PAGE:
THE PEOPLE OF THE STATE OF NEW YORK, RESPONDENT, v. LYLE F. DAVOY, SR., DEFENDANT–APPELLANT.
MEMORANDUM AND ORDER
It is hereby ORDERED that the judgment so appealed from is unanimously affirmed.
Memorandum: Defendant appeals from a judgment convicting him, upon his plea of guilty, of murder in the second degree (Penal Law
§ 125.25  ). As conceded by defendant, the record of the plea colloquy establishes that he knowingly, voluntarily, and intelligently waived his right to appeal (see People v. Dean, 48 AD3d 1244, 1244–1245, lv denied 10 NY3d 839), and that valid waiver encompasses his challenge to the factual sufficiency of the plea allocution (see People v. Griffin, 120 AD3d 1569, 1570, lv denied 24 NY3d 1084; People v. Irvine, 42 AD3d 949, 950, lv denied 9 NY3d 962). Moreover, defendant failed to preserve for our review his contention that the plea colloquy was factually insufficient inasmuch as he failed to move to withdraw the plea or to vacate the judgment of conviction on that ground (see People v. Lawrence, 118 AD3d 1501, 1501, lv denied 24 NY3d 1220; People v. Kozody, 74 AD3d 1907, 1908, lv denied 15 NY3d 806), and this case does not fall within the rare exception to the preservation rule (see Lawrence, 118 AD3d at 1501–1502; see generally People v. Lopez, 71 N.Y.2d 662, 665–666). Although defendant's initial statements during the factual allocution negated the element of intent to cause death, defendant's subsequent statements “ ‘removed any doubt’ “ regarding his intent to cause the victim's death (People v. Manor, 121 AD3d 1581, 1582–1583, affd 27 NY3d 1012; see People v. Trinidad, 23 AD3d 1060, 1060, lv denied 6 NY3d 760). Specifically, defendant agreed that, by loading the gun, pointing it at the victim, and firing it, he was intentionally causing the death of the victim and that the incident in fact caused the death of the victim. To the extent that defendant contends that County Court was required to conduct further inquiry regarding a possible affirmative defense, we reject that contention inasmuch as defendant said nothing during the plea colloquy that “ ‘raised the possibility of a viable [extreme emotional disturbance] defense’ “ (Manor, 121 AD3d at 1582; see People v. Hart, 114 AD3d 1273, 1273, lv denied 23 NY3d 963).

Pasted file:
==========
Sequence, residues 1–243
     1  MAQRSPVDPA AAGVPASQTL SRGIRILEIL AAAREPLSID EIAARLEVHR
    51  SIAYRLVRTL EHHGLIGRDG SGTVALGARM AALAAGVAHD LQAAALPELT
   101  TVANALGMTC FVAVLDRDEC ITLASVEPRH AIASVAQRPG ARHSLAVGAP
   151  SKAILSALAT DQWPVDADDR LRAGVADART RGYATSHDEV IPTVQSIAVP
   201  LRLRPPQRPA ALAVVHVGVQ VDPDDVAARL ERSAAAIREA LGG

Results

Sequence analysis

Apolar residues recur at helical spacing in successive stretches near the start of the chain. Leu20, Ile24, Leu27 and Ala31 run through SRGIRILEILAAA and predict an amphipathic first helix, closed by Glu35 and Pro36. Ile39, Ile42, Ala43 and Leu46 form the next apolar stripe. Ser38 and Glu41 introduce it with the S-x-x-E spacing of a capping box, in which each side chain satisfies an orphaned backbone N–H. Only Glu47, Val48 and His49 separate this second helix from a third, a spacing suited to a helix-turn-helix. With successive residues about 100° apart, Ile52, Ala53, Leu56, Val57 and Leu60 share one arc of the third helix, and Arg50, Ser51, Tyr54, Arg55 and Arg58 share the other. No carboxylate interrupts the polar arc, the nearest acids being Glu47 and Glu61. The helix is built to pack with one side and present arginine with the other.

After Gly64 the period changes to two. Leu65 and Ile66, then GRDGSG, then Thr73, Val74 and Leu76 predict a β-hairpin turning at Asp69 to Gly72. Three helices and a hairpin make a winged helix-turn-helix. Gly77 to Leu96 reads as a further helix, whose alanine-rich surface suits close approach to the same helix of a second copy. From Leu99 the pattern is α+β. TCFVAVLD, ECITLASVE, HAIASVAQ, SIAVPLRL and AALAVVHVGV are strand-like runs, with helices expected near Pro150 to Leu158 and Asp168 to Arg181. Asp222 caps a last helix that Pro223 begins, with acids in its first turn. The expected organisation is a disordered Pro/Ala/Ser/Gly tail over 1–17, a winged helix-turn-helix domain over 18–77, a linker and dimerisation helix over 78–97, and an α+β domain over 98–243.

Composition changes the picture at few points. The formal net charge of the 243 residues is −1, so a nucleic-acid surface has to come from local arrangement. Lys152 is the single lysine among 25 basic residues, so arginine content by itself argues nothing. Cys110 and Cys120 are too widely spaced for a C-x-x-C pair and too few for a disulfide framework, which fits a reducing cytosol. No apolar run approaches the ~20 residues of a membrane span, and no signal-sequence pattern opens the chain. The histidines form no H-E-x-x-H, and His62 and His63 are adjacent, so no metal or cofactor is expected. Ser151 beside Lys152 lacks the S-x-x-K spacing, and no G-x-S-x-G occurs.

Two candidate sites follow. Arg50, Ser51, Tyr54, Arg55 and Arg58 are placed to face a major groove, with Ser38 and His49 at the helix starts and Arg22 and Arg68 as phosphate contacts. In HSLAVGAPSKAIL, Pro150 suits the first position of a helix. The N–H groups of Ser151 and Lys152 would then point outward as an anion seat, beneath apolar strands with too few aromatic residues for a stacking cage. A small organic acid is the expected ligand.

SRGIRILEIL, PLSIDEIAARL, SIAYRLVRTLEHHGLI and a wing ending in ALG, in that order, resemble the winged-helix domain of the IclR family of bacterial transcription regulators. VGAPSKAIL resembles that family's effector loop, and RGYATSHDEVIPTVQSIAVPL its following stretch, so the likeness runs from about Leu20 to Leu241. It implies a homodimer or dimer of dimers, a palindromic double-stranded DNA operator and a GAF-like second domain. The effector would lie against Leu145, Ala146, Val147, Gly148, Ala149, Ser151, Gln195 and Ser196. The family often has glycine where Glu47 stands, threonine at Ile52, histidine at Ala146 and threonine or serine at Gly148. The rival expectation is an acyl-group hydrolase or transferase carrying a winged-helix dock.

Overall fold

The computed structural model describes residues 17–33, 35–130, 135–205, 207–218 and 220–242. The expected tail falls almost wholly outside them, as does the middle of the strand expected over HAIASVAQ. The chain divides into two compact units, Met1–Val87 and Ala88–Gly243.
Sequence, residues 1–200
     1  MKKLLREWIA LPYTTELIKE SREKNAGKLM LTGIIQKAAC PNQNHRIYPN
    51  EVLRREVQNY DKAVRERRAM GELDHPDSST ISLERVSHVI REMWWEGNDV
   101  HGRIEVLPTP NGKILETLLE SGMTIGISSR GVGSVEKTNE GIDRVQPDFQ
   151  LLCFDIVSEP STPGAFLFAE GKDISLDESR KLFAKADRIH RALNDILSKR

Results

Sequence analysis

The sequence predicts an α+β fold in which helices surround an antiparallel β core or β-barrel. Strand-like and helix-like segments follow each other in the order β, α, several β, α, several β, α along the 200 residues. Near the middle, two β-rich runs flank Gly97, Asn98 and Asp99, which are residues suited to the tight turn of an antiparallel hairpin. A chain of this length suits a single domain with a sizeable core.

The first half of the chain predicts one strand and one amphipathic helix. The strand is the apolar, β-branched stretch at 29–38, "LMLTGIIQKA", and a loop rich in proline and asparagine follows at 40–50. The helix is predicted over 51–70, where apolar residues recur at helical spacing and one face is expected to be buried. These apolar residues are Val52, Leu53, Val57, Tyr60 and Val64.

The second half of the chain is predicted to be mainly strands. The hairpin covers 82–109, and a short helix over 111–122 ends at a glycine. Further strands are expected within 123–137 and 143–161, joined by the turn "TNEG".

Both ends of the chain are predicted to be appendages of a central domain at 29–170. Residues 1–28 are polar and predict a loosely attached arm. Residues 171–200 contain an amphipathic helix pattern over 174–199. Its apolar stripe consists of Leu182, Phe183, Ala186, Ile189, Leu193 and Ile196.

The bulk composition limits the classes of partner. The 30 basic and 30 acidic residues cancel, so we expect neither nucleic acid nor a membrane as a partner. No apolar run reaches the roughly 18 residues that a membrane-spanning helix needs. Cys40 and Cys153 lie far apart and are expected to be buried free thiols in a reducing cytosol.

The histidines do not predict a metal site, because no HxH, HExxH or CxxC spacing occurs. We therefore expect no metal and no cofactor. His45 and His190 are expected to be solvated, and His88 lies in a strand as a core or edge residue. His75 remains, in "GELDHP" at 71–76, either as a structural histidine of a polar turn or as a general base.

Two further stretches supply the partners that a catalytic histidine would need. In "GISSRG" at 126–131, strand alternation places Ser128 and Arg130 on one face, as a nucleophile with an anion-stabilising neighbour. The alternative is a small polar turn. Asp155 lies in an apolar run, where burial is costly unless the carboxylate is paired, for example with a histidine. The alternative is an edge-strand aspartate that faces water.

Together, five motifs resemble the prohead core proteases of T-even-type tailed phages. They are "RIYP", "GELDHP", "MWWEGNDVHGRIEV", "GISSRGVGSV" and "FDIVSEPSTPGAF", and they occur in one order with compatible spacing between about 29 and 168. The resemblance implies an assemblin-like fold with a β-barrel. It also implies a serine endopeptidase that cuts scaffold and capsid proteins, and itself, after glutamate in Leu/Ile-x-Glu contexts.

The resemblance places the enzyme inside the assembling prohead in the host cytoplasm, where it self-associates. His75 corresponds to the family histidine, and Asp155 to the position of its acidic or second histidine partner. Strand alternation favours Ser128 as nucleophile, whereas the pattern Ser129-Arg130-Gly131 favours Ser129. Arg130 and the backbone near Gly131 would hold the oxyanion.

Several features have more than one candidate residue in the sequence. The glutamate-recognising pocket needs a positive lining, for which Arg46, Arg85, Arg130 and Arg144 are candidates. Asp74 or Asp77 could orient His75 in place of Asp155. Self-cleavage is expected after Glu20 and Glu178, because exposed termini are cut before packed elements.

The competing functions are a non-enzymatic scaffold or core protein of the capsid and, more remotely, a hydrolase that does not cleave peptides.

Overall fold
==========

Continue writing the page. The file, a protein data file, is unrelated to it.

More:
Frances E. Cafarell
Clerk of the Court